The AsIAm Autism Experience Exhibition at NCI

An interactive exhibition and series of talks over 2 days at NCI.

When: Monday 14th and Tuesday 15th October 2019
Where: Atrium of NCI  10am – 4pm both days

How would you feel if you couldn’t read or see words clearly? What if you couldn’t understand what others are saying? How would you be able to concentrate on one thing but weren’t able to filter out the surrounding noise? What if you couldn’t cope with certain textures, the tastes or odours of certain foods?

The Autism Experience Exhibition lets you experience these challenges. It is presented in a Q&A format and includes an audio guide and activities to enable visitors to step into the shoes of someone living with the condition.

All are welcome, the event is free just come along to the NCI Atrium at any time and our guides will show you through the interactive exhibits. The event will give you a fascinating and useful insight into Autism.

The exhibition is free to attend and there is no need to register, just come along. To work through the exhibition, you should allow approximately one hour and places are subject to availability on the day as some times may be busier.

Free Talks

As part of the event we also have free talks over the two days. These talks are free to attend but you must register due to room capacity.

What it is to be autistic

Talk by Adam Harris, Founder AsIAm

NCI Kelly Theatre, Monday 14th October, 12 – 1pm (register to attend)

About Adam 

Adam is AsIAm’s Founder & Chief Executive Officer, having held the position since he founded the organisation in 2013.

Adam set up AsIAm based on his own experiences growing up as a young autistic person in Ireland. Diagnosed with Asperger’s Syndrome from an early age, the condition was far less understood or even known as it is today.

Frustrated at the lack of any real understanding of autism and the many examples of social inclusion which the community are subjected to, Adam was inspired to establish AsIAm whilst studying for his Leaving Cert – with the aim of giving autistic people a voice and starting a national conversation.

Autism in the workplace: an opportunity

Talk with Peter Brabazon (General Manager Specialisterne Ireland) and Richard Hughes, Support Team Manager at SAP Ireland, and the NCI Careers Team

NCI Room 2.08, Monday 14th October, 2-3pm (register to attend

About the talk

Many companies are beginning to realise the advantages of neurodiversity in the workforce and also realising that there is a pool of untapped talent available. Peter Brabazon is the General Manager of Specialisterne Ireland. Specialisterne is an innovative social business concept originally founded in Denmark in 2004. Specialisterne is internationally recognized as the first and foremost example of how autistic people can be included and realise their potential in meaningful and productive jobs. For over a decade, Specialisterne has developed hiring and management practices that enable the employment of autistic people by removing the barriers to once inaccessible industries and careers.

Peter will be joined by Richard Hughes, Support Team Manager at SAP Ireland. Richard will speak from the employer perspective on the benefits of working with Specialisterne to employ autistic candidates within their organisation and teams. SAP has an internationally recognised Autism at Work program, operating in 13 countries employing more than 160 people with autism.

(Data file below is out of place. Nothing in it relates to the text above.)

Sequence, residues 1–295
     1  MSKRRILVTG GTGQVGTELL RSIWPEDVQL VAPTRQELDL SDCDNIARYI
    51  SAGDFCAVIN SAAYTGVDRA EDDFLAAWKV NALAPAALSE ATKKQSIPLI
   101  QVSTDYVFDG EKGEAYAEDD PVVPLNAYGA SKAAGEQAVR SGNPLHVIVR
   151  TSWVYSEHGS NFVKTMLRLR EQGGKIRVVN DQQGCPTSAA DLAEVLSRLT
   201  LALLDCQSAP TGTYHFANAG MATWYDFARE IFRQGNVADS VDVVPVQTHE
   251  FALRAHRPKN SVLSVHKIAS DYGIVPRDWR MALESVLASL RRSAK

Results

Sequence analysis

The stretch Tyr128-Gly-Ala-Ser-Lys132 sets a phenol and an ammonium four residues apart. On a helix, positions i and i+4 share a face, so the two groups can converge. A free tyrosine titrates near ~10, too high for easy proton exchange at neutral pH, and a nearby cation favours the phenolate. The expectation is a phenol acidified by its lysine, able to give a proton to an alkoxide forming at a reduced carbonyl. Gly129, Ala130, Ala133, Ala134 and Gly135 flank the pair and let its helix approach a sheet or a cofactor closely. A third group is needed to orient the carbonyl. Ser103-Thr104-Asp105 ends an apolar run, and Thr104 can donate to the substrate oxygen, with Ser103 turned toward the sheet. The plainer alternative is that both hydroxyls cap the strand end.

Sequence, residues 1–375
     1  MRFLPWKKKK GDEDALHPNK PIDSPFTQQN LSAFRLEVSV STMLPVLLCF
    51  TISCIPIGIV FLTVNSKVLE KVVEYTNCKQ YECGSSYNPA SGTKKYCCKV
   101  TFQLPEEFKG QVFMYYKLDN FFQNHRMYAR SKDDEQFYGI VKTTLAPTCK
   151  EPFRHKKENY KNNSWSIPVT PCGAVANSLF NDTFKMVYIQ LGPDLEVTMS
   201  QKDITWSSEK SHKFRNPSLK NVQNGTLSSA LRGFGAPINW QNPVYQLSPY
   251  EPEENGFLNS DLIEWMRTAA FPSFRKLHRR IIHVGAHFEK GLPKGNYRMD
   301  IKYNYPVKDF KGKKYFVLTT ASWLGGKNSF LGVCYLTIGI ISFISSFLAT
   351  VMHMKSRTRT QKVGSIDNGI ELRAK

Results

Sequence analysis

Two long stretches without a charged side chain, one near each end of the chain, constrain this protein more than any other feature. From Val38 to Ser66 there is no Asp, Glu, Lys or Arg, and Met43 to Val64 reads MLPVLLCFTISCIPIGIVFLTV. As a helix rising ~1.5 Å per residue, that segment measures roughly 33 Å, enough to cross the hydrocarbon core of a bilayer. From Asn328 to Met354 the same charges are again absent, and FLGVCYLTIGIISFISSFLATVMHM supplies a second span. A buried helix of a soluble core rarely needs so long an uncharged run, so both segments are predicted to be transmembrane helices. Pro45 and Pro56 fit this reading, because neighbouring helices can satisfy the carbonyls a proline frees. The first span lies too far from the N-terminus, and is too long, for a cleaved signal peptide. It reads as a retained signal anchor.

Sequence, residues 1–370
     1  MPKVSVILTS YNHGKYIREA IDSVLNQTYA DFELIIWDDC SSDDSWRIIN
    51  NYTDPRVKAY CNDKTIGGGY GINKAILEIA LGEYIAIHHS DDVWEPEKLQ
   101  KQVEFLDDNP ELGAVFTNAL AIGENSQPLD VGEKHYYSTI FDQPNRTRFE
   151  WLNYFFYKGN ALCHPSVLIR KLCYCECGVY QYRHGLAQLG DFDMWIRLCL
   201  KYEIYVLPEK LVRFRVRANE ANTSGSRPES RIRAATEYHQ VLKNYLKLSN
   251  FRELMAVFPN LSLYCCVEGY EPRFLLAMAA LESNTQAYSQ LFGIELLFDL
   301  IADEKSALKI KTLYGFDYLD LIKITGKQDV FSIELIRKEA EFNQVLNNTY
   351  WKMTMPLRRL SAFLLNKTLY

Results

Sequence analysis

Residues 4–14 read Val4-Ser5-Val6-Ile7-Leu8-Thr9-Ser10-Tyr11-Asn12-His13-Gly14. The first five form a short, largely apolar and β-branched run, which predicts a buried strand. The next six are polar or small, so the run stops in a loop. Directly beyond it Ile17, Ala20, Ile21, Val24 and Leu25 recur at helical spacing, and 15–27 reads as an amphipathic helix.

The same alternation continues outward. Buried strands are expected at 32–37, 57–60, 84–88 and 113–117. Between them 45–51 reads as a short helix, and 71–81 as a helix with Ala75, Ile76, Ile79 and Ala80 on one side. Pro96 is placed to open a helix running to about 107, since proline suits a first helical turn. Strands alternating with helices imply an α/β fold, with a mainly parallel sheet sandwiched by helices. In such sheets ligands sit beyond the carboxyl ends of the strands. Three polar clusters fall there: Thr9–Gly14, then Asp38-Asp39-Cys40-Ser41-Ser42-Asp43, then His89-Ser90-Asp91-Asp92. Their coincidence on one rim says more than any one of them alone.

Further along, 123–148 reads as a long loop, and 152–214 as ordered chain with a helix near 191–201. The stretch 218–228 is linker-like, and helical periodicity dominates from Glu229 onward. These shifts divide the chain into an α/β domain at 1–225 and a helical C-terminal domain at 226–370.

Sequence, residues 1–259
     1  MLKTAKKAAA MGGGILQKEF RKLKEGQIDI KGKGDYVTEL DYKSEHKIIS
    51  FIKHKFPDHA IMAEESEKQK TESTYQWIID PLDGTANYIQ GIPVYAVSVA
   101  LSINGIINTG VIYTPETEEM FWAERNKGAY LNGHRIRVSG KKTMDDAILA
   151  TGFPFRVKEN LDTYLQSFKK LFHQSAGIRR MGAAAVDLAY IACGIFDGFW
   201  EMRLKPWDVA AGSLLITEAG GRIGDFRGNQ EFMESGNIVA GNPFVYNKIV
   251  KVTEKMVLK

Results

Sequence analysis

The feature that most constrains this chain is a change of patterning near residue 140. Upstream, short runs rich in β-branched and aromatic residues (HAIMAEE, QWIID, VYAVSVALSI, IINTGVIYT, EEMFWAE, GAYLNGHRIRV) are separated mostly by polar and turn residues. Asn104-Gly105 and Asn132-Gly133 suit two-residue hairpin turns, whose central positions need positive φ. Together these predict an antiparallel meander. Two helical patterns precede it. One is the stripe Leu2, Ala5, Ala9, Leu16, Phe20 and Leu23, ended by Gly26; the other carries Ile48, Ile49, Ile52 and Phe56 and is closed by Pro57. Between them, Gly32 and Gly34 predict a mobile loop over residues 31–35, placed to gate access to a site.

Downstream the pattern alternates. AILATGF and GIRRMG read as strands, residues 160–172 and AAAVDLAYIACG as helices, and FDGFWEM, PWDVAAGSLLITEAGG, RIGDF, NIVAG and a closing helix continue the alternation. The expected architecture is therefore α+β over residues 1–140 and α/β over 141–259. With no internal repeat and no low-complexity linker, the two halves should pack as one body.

Peter and Richard will also be joined by some colleagues who have worked through Specialisterne to go on to successful employment to share their experience.

NCI Careers and Employability team are working with Specialisterne to provide career and employability skills to our students with Autism. NCI Students interested in this should contact the NCI Careers team.

See for more details on their work.

Making NCI an Autism Friendly Institution (closed to the public)

Talk with Fiona Ferris, Deputy CEO AsIAm, and Katie Quinn, Youth Engagement and Programmes Officer AsIAm.

Executive 1, Tuesday 15th October, 12-1.30pm, open to NCI staff only.

About Fiona

Fiona joined the AsIAm team in September 2017 as the Early Years Training Programme Co-ordinator. Fiona completed her degree in Early Years Education in 2015 and wished to use the experiences of being autistic herself and being the parent of a young child also with an autism diagnosis, to bring knowledge to the early years sector in a positive way.

Originally from Co. Down, Fiona’s background is in early education management, having managed a number of early years services. Fiona designed and delivers the early years autism training programme Teach Me As I Am nationwide, to help educate early years professionals on a best practice approach for supporting children and families in the autism community.

About Katie

Based in Co. Wicklow, Katie joined AsIAm in 2015 as our Youth Engagement and Programmes Officer. Katie has over a decade’s experience of working with children and young people on the autism spectrum both in Ireland and in the UK. Through working with children and their families in schools and in the home environment, Katie has come to place an importance on hands-on learning, with a special focus on teaching valuable life skills to all young people.

As part of Katie’s role, she works closely with Dublin City University to deliver AsIAm’s Autism-Friendly University Initiative. This also includes working with other national and international universities who wish to undertake this initiative.

Katie is also involved in the Youth Leadership Team, working with 15-17 year olds from all over Ireland. Her aim with the YLT is to deepen the young people’s advocacy skills, and to ensure they have their voices heard in their communities.